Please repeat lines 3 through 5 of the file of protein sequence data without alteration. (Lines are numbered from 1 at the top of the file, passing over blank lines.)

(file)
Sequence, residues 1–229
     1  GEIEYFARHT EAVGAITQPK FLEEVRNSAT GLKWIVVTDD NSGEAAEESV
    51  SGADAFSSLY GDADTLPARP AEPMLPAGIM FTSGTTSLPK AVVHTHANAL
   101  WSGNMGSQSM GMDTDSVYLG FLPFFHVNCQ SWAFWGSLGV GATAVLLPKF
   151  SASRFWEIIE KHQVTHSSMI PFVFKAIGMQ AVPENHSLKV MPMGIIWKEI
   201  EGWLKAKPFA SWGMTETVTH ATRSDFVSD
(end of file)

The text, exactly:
    51  SGADAFSSLY GDADTLPARP AEPMLPAGIM FTSGTTSLPK AVVHTHANAL
   101  WSGNMGSQSM GMDTDSVYLG FLPFFHVNCQ SWAFWGSLGV GATAVLLPKF
   151  SASRFWEIIE KHQVTHSSMI PFVFKAIGMQ AVPENHSLKV MPMGIIWKEI